LGBT hate crime increased during 2020, figures show
- Credit: PA
The number of sexual orientation hate crimes recorded by police during 2020 increased in both Suffolk and Essex, latest figures have revealed.
The statistics, which were obtained through Freedom of Information requests by the Press Association, revealed Suffolk police recorded 146 sexual orientation hate crimes in 2019 and 175 in 2020.
In Essex, the figure rose from 448 in 2019 to 498 in 2020.
However, transphobic hate crimes in both Suffolk and Essex fell in 2020 compared with 2019.
In Suffolk, the number dropped from 37 in 2019 to 22 in 2020, while in Essex the figure fell from 102 to 90.
Violent transphobic hate crime also dropped in both counties in 2020 compared with 2019 - from 24 to 10 in Suffolk and 56 to 45 in Essex.
A spokesman for Suffolk police said the force has worked to raise awareness of what hate crime is, which has led to more reports.
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He said: “Hate crime in any form is unacceptable in today’s society and can have a devastating and often life changing impact on the victim.
"Finding the perpetrators who commit the crime online brings its own challenges, but we still take it very seriously, and are developing skills though our digital support officers to assist in these often complex investigations.
“We want victims to be confident in coming forward, and we work with partners and external support groups to further raise awareness of hate crime and encourage wider reporting.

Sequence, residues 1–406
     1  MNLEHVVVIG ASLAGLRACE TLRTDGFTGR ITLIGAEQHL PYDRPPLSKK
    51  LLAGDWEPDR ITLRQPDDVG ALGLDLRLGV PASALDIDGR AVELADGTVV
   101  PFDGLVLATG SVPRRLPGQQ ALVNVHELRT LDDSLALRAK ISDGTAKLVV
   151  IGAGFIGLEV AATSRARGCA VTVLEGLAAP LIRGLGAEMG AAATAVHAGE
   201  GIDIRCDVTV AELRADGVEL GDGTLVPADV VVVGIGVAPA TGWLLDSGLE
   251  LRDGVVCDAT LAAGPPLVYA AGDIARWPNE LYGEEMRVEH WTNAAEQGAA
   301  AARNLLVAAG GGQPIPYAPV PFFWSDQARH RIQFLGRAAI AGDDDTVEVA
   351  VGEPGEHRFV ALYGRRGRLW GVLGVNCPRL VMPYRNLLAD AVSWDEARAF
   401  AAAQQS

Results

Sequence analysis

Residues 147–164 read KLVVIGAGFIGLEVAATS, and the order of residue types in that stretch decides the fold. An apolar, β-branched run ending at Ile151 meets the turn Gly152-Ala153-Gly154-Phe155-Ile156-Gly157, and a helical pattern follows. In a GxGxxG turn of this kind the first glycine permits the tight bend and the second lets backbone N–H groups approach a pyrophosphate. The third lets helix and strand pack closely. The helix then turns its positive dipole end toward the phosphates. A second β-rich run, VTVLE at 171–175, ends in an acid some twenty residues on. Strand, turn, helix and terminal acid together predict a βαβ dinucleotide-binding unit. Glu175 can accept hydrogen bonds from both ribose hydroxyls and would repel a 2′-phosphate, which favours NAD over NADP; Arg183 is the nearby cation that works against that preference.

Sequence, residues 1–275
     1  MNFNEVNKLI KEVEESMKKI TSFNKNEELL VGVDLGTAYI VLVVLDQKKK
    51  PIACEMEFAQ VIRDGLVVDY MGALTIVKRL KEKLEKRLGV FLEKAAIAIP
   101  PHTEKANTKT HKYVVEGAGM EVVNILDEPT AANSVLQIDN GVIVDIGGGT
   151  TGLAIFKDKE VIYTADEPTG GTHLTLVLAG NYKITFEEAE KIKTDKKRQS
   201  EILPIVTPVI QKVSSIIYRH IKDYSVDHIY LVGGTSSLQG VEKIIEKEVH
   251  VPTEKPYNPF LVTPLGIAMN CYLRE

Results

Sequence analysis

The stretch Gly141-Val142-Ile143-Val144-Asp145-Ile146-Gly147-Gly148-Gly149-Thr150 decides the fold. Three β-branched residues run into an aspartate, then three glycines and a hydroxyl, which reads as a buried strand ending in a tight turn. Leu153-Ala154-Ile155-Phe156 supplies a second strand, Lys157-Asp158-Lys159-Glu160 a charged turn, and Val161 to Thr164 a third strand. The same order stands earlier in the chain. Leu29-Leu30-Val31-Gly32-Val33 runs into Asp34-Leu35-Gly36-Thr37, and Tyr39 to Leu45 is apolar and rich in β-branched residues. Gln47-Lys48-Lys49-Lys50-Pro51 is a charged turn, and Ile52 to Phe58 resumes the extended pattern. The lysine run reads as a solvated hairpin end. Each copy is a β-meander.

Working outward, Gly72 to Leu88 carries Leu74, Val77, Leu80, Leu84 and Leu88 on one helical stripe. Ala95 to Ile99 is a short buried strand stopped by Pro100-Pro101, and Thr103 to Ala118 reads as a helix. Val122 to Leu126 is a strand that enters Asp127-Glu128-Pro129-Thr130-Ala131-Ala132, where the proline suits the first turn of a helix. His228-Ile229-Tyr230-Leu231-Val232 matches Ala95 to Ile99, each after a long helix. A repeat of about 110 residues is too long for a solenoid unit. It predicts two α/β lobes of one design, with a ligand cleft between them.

"We also provide inputs to school children to ensure the implications of hate crime are raised with them and its unacceptability in modern society.
"Through hate crime scrutiny panels, we regularly review investigations and raise awareness amongst our staff and the community, to encourage reporting of hate crime and provide the appropriate support to people affected by it."
Superintendent Richard Melton, the Essex Police lead for hate crime, said: “First and foremost, our clear message is that hate crime will not be tolerated in Essex.
“I believe people are increasingly confident in reporting incidents to us, but equally I know there will be victims who do no contact police.
“We want people to come forward and let us deal with the people that are perpetrating crimes against them. It’s wrong and needs to be challenged. That information will allow us to identify themes and take targeted action against those that perpetrate the hatred. This includes working with perpetrators to understand and tackle the root cause of their prejudice where appropriate.
“We recognise the problems that hate crime causes and how it can escalate. What starts as low-level anti-social behaviour can grow into community tensions. Tensions then normalise hatred, the hatred then grows, and we have offences committed by those motivated by hate.
“We’re dealing with problems at a community level and learning every day about how to deal more effectively with hate crime, and we’re becoming more effective at working with the Crown Prosecution Service (CPS) to get better outcomes for the victims.”
Tim Passmore, Suffolk's police and crime commissioner, said, "All hate crime should be condemned. We all need to be mindful of the consequences of this pernicious crime and do everything possible to make sure there is proper respect for others.
"This year extra resources have been allocated to tackle this crime and improve detection rates and bring the offenders to justice. I hope this investment shows we do take all have crime very seriously and would encourage anyone who has been victim of hate crime to report it."